The meteorological news out May 12 was lost in the WASDE shuffle, but could be significant too. U.S. forecasters said La Nina cooling of the equatorial Pacific could last through the end of 2022. Summer La Nina conditions in the U.S. are associated with lower corn yields. Normally that boosts summer and fall rally potential. The projection this year is a top at $7.97, aligning with my supply and demand model.

Soybeans must wait

Planting progress isn’t a factor in USDA’s yield equation for soybeans, so the statistical estimate was kept at 51.5 bpa. If farmers can plant all the 91 million acres reported as March 31 intentions, total production would be a record 4.64 billion bushels. Still, lower production this year in South America is boosting demand, tightening U.S. old crop stocks. USDA forecasts a sharp rebound in demand from China in the coming year which would keep the number of day’s supply relatively snug even if Brazil and Argentina get back on track, boosting the average cash price received by farmers to a record $14.40.

My model tracks USDA’s prediction mostly, and puts the top third of the new crop selling range at $16.62 to $17.90. The tight supply forecast not surprisingly boosts rally potential, projecting a 25% rally off the February average futures price of $14.33 – or $17.88.

The La Nina model is even more bullish, seeing an average rally off spring lows of 35% -- which would take futures all the way to $18.98.

The high November 2022 close is $15.3725, with the intraday high at $15.55. So, prices could still have some room to run, though a final push may wait until later in the summer when U.S. acreage is known, soybean yields are made and South American weather is starting to come into focus. As USDA said for May, “stay tuned.”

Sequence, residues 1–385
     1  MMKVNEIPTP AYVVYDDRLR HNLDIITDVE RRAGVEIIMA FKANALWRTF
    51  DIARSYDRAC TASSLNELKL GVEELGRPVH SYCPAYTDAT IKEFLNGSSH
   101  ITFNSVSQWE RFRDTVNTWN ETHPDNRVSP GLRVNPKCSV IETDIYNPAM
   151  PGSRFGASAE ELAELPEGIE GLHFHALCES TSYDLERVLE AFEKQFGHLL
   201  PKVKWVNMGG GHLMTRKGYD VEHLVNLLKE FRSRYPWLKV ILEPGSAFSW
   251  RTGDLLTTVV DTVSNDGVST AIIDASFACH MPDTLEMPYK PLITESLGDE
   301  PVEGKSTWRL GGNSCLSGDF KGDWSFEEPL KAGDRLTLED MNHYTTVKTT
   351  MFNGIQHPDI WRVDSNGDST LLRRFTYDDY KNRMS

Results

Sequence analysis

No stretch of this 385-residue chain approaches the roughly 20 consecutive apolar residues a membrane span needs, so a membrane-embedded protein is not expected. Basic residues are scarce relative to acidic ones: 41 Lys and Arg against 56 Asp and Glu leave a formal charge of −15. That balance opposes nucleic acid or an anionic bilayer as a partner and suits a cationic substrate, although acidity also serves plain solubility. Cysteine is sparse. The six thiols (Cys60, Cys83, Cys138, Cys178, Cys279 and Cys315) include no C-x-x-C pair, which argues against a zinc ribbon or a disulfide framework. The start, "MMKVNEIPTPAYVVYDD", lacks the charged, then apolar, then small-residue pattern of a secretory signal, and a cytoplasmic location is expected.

Watch wheat

In the near-term, wheat could be a trigger for corn and soybeans. USDA’s first survey of winter wheat production and its all-wheat total aligned with crop ratings and the Vegetative Health Index, with the average cash price received by farmers a record $10.75 a bushel. My models say that should could take all three futures markets near $13 – or beyond – and it did.

Chicago July already has a close at $12.525 and an intraday high at $12.7825. The hard red winter wheat closed at $12.82 Friday, with an intraday high a dime higher. Minneapolis September ended at $13.1875 on Friday, topping at $13.30 intraday.

The bottom line for corn and soybean growers is simple. The market could go higher – a lot higher, if western drought spreads. Still, prices are strong and mid-May is often a good time to make some new crop sales historically. Don’t let the spring rush interfere with making decisions that are crucial for your business. The world may be turned upside down now. But eventually even the biggest messes get sorted out.

About the Author(s)

Bryce Knorr

Contributing market analyst, Farm Futures

Bryce Knorr first joined Farm Futures Magazine in 1987. In addition to analyzing and writing about the commodity markets, he is a former futures introducing broker and Commodity Trading Advisor. A journalist with more than 45 years of experience, he received the Master Writers Award from the American Agricultural Editors Association.